A new world record price of £7,600 (€8,800) for an unbroken sheepdog pup was paid at Skipton Auction Mart’s recent two-day timed online working sheepdog sale in England.

The nine-week old bitch owned by Welshman Glynne Jones is an unusual lilac colour and is described as a lively, confident and healthy pup, bred from an outstanding breeding mix, including Lassie’s dam Graylees Cêt and is the first litter of pups from Reiver Gray, bred by shepherd Emma Gray.

There were also four five-figure sales recorded for broken dogs, including a top call of £13,800 (€16,000) received by David Evans, Wales. Incidentally, Evans held the previous record for an unbroken pup when his 11-week old black and white bitch, Bet, sold for £6,100 (€7,076) at an online sale in Skipton in January. Several dogs sold between £6,000 (€6,960) and £10,000 (€11,600), while four more broken dogs sold between £5,000 (€5,800) and £6,000 (€6,960). Another 14 dogs sold between £4,000 (€4,640) and £5,000 (€5,800), with 12 in the £3,000s (€3,480’s), 28 from £2,000 (€2,320) to £3,000 (€3,480), a further 28 back to £1,000 (€1,160) and 15 at three-figure sums, including the lowest price of £500 (€580). There were recorded sales for 108 of the 149 dogs entered.

Premium market for Galway wool

A group of farmers with Galway sheep have established a new co-operative group called The Galway Wool Co-op and signed their first deal to secure a premium for their wool. The Galway sheep are a native breed to Ireland that once dominated the Irish sheep farming landscape, but were replaced by a reduced focus on wool and an emphasis of sheepmeat production.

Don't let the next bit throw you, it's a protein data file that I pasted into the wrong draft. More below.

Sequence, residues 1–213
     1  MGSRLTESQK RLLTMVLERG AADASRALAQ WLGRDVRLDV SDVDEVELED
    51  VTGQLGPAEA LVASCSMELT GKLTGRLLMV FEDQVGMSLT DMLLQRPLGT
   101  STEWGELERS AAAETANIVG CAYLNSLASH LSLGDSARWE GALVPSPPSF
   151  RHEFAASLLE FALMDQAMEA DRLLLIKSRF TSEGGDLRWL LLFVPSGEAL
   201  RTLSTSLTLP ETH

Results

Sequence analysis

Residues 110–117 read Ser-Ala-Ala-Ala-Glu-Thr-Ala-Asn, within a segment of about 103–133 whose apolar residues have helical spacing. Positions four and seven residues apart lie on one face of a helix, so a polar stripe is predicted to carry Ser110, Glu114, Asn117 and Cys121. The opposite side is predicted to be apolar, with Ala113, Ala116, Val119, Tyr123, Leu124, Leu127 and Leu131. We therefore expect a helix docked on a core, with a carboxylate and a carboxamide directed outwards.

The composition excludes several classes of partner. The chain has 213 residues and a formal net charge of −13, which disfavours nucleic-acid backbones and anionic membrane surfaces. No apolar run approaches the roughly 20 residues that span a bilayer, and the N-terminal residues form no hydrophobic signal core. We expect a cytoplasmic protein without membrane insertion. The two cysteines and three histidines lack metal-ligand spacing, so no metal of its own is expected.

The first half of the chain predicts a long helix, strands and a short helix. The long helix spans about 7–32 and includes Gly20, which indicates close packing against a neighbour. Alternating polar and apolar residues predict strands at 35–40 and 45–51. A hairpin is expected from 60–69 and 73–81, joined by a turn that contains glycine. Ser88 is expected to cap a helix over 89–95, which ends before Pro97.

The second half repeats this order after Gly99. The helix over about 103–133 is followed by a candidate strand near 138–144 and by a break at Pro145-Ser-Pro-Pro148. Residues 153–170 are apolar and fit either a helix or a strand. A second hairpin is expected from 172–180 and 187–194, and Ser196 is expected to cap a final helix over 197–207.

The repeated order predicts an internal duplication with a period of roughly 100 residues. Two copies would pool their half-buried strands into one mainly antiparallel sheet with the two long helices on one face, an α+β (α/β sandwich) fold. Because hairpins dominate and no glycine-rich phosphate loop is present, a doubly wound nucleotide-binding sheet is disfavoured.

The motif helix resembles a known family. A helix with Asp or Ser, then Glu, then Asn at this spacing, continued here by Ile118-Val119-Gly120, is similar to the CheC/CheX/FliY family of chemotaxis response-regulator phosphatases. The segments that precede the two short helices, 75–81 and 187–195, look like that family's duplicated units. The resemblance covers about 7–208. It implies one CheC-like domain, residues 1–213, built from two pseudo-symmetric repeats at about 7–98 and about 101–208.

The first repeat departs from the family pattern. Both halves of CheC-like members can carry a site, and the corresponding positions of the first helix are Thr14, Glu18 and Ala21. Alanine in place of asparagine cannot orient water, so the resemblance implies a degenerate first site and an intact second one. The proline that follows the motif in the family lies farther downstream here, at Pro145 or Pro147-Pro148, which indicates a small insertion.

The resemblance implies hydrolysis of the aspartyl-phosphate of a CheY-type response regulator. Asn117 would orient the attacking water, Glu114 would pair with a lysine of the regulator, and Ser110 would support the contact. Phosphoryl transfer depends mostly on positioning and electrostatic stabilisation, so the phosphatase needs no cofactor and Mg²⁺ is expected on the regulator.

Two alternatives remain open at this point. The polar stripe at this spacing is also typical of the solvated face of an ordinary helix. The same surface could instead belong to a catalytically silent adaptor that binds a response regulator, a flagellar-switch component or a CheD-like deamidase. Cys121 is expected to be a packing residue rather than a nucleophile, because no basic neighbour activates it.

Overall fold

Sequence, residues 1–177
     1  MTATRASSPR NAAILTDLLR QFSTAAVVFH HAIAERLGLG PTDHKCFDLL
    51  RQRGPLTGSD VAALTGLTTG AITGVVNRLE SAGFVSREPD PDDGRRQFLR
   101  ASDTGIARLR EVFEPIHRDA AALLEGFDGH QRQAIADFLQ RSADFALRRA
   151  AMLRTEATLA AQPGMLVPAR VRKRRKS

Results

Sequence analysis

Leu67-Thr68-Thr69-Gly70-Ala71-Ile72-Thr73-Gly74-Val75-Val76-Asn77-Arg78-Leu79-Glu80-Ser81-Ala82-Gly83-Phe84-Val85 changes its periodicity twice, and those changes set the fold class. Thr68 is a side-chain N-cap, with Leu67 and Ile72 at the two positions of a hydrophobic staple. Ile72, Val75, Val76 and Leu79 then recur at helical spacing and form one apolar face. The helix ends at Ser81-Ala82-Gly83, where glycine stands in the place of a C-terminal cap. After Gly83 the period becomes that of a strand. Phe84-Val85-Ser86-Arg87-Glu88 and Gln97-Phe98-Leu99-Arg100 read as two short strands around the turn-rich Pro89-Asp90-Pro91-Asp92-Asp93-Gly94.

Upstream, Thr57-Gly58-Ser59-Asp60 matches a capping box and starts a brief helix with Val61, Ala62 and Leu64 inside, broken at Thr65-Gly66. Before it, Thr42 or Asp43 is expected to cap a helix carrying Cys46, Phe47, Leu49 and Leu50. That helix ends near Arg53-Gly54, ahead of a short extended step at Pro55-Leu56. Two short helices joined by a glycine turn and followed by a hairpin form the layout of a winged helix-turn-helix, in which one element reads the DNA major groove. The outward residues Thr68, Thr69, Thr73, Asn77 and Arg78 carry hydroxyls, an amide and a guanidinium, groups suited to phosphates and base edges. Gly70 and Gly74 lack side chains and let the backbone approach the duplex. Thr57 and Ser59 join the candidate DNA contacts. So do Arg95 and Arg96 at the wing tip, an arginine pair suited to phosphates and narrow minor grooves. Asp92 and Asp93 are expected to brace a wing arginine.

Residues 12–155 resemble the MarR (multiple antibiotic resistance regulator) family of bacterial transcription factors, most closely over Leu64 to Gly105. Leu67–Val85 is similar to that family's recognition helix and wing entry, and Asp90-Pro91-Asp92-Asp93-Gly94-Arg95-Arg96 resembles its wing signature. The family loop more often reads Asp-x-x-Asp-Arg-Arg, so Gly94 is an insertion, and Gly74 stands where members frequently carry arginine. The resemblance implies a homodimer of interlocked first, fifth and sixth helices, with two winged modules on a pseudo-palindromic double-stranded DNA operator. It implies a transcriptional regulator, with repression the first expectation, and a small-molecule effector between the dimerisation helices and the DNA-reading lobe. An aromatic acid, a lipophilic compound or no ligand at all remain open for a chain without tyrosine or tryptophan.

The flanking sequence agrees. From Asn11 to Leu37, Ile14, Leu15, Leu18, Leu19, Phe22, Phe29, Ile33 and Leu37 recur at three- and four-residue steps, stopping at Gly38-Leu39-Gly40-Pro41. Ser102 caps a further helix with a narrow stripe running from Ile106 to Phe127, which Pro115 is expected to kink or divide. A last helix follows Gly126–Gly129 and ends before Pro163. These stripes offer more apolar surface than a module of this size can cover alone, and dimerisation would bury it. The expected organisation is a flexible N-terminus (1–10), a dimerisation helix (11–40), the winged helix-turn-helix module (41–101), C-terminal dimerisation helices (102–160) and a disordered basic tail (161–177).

Galway sheep are a native breed of sheep which once dominated the sheep farming landscape in the west of Ireland. / David Ruffles

Group member Blatnaid Gallagher says that after being dismayed by bleak wool prices, the group have worked hard to establish a direct route to market for their superior Irish wool and have struck a deal with Donegal Yarn for the 2021 wool clip. The group state that the deal is hopefully the first step in re-establishing Irish woollen products and protecting the Irish brand.

“Many of the woollen products in our Irish woollen mills and retail shops are being produced from imported wool. Unfortunately, in a lot of our tourist shops, we are also churning out ‘Irish’ sweaters and blankets for example, which are made in China, India, Morroco, Turkey, and other apparel producing countries.

“Galway wool is a crisp white wool, of a medium to fine texture and is set to become a premier quality bio-fiber, sought after by international designers and creators of home interiors and slow fashion garments.”

For further information, call Blatnaid Gallagher on 087-245 4441.